Title: Jamesy Boy
Director: Trevor White
Starring: Spencer Lofranco, Mary-Louise Parker, James Woods, Ving Rhames, Rosa Salazar, Michael Trotter, Taissa Farmiga, Ben Rosenfield
A well-intentioned coming-of-age drama, based on a true story, about a teenage delinquent’s flirtation with more permanent ruination, indie offering “Jamesy Boy” features a grounded, engaging lead performance from newcomer Spencer Lofranco, against an equally solid technical backdrop. Unfortunately, while its redemptive arc offers minor chord catharsis for those predisposed to embrace adapted tales of real salvation, the movie never pushes past a comfortable orbit of earnestness in search of deeper truths.
Flashing back and forth between periods before, after and during incarceration, the film tells the story of James Burns (Lofranco), a troubled nascent teenager who — after attempts by his mother Tracy (Mary-Louise Parker) to get him enrolled in and settled at a normal high school — runs away from home and falls under the sway of drug dealer Roc (Michael Trotter). The rest of the characters in James’ world slot into recognizable roles. There’s the bad girl, Crystal (Rosa Salazar), whose wild behavior and uncouth come-ons (“Let’s get out of here, and go find a place to fuck”) are part of the siren song of life on the wild side; the good girl, Sarah (Taissa Farmiga), whose affectionate gazes seemingly represent safer ground, if not a way out; the gruff yet wise convict, Conrad (Ving Rhames), whose elucidated regret helps tame James’ recalcitrance; and the mousy fellow inmate (Ben Rosenfield) who of course has to die to help redeem James’ sins.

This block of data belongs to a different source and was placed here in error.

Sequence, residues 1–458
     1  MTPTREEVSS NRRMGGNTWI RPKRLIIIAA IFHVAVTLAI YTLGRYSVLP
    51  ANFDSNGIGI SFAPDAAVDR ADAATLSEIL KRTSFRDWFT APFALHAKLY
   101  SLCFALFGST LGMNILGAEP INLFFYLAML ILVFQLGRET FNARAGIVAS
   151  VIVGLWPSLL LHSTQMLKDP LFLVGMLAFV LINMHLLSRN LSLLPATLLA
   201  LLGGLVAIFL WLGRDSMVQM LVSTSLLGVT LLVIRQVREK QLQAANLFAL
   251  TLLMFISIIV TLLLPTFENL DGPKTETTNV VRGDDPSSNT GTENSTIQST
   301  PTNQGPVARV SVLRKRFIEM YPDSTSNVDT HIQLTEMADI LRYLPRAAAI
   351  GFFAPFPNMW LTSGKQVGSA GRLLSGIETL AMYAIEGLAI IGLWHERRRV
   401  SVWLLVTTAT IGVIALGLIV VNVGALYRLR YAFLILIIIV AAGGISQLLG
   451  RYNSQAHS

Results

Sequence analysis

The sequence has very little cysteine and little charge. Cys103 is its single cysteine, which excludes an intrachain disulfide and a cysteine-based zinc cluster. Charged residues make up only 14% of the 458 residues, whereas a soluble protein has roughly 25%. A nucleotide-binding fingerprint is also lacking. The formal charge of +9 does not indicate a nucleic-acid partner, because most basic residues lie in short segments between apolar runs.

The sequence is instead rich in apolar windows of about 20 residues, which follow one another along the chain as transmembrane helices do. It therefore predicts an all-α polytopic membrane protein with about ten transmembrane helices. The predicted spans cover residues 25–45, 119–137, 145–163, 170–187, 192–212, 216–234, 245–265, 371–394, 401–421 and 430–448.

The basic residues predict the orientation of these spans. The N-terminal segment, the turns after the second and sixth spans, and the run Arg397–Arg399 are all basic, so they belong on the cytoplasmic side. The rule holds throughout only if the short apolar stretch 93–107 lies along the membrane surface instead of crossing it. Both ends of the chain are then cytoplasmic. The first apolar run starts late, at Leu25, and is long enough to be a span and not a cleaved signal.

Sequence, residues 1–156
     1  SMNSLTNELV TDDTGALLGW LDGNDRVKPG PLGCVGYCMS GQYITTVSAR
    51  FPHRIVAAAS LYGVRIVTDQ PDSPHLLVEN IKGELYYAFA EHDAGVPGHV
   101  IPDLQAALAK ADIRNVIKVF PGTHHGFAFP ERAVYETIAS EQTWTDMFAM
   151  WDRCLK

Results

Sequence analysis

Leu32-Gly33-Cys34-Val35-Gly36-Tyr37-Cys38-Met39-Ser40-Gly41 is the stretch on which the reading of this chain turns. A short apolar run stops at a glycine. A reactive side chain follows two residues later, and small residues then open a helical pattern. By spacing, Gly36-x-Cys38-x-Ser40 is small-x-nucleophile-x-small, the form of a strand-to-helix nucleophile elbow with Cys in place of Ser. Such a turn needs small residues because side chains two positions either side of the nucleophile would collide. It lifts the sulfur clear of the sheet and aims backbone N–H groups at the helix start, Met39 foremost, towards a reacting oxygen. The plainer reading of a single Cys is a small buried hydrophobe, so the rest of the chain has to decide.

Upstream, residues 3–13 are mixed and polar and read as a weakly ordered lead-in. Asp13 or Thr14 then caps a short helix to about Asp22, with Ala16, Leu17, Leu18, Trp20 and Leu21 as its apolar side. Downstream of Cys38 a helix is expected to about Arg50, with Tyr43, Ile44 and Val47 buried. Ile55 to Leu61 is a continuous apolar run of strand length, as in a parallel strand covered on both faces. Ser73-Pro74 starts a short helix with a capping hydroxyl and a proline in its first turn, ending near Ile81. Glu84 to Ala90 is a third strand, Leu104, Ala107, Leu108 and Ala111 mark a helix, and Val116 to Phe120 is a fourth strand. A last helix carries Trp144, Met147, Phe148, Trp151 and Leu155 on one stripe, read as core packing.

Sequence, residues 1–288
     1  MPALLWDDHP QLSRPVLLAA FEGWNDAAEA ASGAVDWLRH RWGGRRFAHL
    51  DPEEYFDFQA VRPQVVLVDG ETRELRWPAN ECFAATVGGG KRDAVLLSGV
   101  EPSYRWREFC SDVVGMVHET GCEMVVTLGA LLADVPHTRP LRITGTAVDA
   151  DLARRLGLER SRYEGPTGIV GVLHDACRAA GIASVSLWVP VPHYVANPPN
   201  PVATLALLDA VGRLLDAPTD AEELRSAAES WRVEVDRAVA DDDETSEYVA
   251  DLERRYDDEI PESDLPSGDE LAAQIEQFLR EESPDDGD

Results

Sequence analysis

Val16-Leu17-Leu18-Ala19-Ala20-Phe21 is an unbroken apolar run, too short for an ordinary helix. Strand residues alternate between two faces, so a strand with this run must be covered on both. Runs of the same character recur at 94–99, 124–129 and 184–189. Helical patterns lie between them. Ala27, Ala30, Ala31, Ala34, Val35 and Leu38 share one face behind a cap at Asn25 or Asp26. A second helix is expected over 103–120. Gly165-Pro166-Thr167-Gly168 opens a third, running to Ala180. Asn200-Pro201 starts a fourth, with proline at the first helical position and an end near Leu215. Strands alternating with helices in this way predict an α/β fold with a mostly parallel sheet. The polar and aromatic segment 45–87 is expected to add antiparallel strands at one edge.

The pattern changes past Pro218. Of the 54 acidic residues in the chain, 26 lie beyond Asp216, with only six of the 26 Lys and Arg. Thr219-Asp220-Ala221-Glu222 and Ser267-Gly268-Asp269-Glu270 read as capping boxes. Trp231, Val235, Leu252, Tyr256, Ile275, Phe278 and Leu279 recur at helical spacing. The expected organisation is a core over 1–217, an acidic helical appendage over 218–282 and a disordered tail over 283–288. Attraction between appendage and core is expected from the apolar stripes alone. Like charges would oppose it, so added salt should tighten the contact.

While director Trevor White, working from a script co-written with Lane Shadgett, doesn’t commit the typical cardinal sin of constantly overarticulating his characters’ feelings and tragic pasts, neither does he quite punch through to an elemental awakening. (The fact that the real-life Burns is a co-producer on the film likely doesn’t help matters.) Apart from a few cursory domestic scenes, James’ relationship with his mother and/or younger sister — a potential outlet for significant drama — is largely ignored, in favor of more difficult to convey scenes which throw a spotlight on James’ love of writing, specifically poetry.
Similarly, while James’ introduction and connection with Roc is nicely sketched out, the manner in which he drifts away after hooking up with Sarah feels arbitrary. (Drug-dealing kingpins aren’t typically big on freelance runners, one presumes.) The split structure doesn’t totally work. White and Shadgett mis-budget some of their focus, and at 109 minutes, the movie drags, in large part since so many of the characters take on such heavy representational qualities. We know where this is going, so it would be better for all parties involved if it got there quicker.
Despite the fact that it can’t quite cut through a low-hanging fog of narrative familiarity and inevitability, “Jamesy Boy” still features some nice performances. Salazar and Farmiga each imbue their characters with small moments of feminine coercion believably informed by their respective fractured backgrounds. And Lofranco, recently cast in a supporting role in Angelina Jolie’s sophomore directorial narrative feature film, “Unbroken,” gives an intuitive performance that is mindful and in line with the unseen angel sitting on his character’s left shoulder. A young actor with more blustery, outwardly manifested angst could tip the film over into insufferability, but Lofranco is impressively restrained; he (rightly) plays James as a character hiding his pain from the world.
Cinematographer Robert Lam and production designer Rachel Block, meanwhile, turn in nice work on what was obviously a tight budget. “Jamesy Boy” doesn’t reinvent the wheel, or in the end even deliver many moments of gut-punch feeling. But in showcasing the story of a kid who manages to eventually escape being grist for the correctional system’s mill, it imparts a bit of hope and optimism. And those are things the world needs in greater abundance.
NOTE: In addition to its theatrical engagements, “Jamesy Boy” is also available across VOD platforms.
Written by: Brent Simon